Most of today’s modern Cuban dance styles can be traced back to the Danzón, the nation’s official musical genre and dance. Danzón evolved out of the contradanza, or habanera (literally, “Havana-dance”), a dance with English origins that was probably introduced by the Spanish, and then later mixed with Afro-Caribbean influences.
Danzón was an update of the traditional sequence dances of the 18th and 19th centuries (which pre-dated the intricate choreography of modern ballroom dancing). The Danzón was initially considered controversial because of its sexy, sensual, African-style hip movements, which were deemed obscene partly because they were popular among a young, mixed-race crowd.
But by the mid-20th century, Danzón was evolving into new forms of music and dance that would ultimately influence other cultures around the world. Mambo (which means “conversation with the gods”), named after a 1938 song by Orestes and Cachao Lopez, added African folk rhythms. The cha-cha-cha syncopated the fourth beat, as dancers shuffled their feet to the scraping rhythm of the güiro. Salsa, which originated in New York City in the ‘70s, incorporated elements of swing dancing and The Hustle with these distinctly Afro-Caribbean styles born in Cuba.
These days, you can’t watch talent shows such as So You Think You Can Dance or America’s Got Talent without seeing the influence of Cuban culture in action.
The Music of Cuba has had an enormous influence, especially when you consider its longtime political isolation. Other than Jamaica, it’s hard to think of another country whose global cultural impact has been so significant despite its relatively tiny size.
The 18th and 19th centuries in Cuba were largely dominated by European classical music. But the folksy bolero and guaracha styles, which were favored by itinerant musicians known as trovadors, continue to be adapted to various genres of Cuban music today. It was a style known as Son cubano– which married Spanish guitar with African percussion– that rose to popularity in the 1930s and put Cuba on the world’s musical map.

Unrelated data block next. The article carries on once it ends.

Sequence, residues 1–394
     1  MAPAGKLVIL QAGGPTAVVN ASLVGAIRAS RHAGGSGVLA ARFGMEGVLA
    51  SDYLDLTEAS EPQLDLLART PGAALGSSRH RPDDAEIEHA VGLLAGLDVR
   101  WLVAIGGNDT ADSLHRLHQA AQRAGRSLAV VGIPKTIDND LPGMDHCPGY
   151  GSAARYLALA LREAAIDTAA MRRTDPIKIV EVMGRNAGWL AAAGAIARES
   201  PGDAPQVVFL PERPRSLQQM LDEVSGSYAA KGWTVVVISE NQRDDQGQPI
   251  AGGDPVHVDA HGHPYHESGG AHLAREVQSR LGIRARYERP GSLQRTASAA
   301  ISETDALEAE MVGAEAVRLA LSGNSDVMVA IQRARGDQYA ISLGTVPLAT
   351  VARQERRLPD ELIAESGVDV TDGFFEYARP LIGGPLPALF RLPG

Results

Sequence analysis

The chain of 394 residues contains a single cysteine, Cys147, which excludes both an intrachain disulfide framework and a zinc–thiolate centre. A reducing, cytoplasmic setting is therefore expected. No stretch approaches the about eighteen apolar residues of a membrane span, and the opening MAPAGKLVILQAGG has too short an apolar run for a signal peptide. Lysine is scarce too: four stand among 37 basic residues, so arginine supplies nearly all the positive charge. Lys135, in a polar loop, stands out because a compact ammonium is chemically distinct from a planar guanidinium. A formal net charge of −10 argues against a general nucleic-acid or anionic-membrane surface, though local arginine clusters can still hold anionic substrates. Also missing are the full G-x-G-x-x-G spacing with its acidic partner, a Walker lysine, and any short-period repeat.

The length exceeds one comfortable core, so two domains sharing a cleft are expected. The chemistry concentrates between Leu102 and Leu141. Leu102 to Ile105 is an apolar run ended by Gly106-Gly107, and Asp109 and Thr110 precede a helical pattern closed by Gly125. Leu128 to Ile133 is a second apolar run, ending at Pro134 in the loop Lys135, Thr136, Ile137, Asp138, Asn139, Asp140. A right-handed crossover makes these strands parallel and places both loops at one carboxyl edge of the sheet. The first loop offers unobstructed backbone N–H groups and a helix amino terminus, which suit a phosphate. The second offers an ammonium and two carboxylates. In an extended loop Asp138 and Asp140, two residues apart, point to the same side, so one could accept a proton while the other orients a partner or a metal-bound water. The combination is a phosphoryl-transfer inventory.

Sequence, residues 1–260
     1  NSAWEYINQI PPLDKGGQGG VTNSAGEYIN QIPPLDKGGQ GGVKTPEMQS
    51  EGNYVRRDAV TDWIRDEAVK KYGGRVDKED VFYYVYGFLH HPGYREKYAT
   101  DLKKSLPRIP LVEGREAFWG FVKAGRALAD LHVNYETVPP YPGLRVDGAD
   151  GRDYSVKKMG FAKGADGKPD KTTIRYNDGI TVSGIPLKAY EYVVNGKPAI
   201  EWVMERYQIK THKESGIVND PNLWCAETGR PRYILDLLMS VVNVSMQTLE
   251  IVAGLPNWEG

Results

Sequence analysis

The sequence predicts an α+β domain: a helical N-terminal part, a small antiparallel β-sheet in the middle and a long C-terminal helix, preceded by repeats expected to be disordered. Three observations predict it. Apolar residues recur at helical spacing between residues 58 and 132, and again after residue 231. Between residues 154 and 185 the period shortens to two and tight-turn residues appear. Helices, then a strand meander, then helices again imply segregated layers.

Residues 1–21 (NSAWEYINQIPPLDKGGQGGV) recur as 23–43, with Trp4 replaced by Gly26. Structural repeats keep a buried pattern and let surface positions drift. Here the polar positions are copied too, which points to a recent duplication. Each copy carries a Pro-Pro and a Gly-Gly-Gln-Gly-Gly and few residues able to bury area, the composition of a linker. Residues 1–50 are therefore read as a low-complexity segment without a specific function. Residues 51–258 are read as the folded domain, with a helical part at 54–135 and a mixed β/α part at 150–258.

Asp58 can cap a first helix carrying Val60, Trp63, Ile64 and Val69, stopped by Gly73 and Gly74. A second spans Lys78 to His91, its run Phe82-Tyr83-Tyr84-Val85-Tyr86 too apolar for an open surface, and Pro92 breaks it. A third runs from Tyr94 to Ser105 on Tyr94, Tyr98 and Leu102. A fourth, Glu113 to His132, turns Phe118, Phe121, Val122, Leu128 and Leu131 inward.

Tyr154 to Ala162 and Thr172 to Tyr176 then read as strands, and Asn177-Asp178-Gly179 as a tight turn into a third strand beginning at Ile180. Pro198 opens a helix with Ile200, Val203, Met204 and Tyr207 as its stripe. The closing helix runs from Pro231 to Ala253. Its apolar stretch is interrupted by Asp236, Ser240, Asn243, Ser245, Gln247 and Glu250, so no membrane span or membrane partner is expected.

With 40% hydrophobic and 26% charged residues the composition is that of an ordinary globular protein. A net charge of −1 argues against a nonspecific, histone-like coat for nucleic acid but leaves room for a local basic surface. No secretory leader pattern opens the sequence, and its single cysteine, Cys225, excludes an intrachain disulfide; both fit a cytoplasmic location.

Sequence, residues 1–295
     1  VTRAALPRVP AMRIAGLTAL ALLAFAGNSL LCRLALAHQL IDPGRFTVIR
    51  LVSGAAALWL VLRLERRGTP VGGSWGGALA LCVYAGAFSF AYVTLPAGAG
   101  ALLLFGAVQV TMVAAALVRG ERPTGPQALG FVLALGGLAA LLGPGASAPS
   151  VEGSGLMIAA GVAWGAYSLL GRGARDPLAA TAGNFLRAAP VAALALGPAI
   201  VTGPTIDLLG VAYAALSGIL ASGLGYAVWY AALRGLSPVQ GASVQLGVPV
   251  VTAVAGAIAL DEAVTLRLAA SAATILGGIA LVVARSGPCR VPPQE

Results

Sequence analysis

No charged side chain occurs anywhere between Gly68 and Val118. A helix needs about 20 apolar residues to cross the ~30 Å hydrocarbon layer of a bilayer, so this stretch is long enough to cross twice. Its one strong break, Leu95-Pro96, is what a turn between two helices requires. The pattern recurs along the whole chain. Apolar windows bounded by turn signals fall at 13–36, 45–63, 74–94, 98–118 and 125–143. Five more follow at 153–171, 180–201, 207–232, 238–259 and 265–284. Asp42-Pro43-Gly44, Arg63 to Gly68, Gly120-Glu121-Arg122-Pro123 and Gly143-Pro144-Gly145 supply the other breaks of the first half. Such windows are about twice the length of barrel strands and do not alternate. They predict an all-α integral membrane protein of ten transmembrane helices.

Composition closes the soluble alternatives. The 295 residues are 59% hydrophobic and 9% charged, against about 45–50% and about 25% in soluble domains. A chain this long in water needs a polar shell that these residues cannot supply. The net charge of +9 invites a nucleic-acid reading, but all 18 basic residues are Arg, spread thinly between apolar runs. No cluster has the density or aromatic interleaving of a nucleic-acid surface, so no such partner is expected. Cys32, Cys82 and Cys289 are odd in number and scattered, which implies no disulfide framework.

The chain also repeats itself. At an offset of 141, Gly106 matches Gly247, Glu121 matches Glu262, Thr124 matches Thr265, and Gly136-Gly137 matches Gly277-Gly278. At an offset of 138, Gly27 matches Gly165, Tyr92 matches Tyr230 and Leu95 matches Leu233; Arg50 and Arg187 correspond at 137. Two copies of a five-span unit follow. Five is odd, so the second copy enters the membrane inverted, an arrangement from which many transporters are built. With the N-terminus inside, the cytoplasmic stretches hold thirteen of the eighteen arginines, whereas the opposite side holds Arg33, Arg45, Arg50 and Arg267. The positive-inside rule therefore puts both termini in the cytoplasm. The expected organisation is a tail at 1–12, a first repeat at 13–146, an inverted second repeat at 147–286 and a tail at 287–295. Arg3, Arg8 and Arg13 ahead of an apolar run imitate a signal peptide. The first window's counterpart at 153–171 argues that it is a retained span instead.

Son (which has many stylistic variations) was born in the mountainous regions of the Cuban province of Oriente. But it was perfected in Havana during the Prohibition era, when Big Band instruments were added to the traditional ensemble of tres guitar, double bass, claves and maracas. It was Son that gave birth to Cuban jazz, and ultimately made artists such as Compay Segundo, Rubén González, and Ibrahim Ferrer famous as leaders of the Buena Vista Social Club.
Many of these legends of Cuban culture have passed away now, but their influential legacy lives on in the music of Cuba today. You can still hear their spirits resonating in the streets of Havana and Trinidad, in the music that provides the soundtrack to the everyday lives of Cuba’s people. –Bret Love
BIO: Bret Love is a journalist/editor with 23 years of print and online experience, whose clients have ranged from the Atlanta Journal Constitution and American Airlines to National Geographic and Yahoo Travel. Along with his wife, photographer/videographer Mary Gabbett, he is the co-founder of ecotourism website Green Global Travel and Green Travel Media.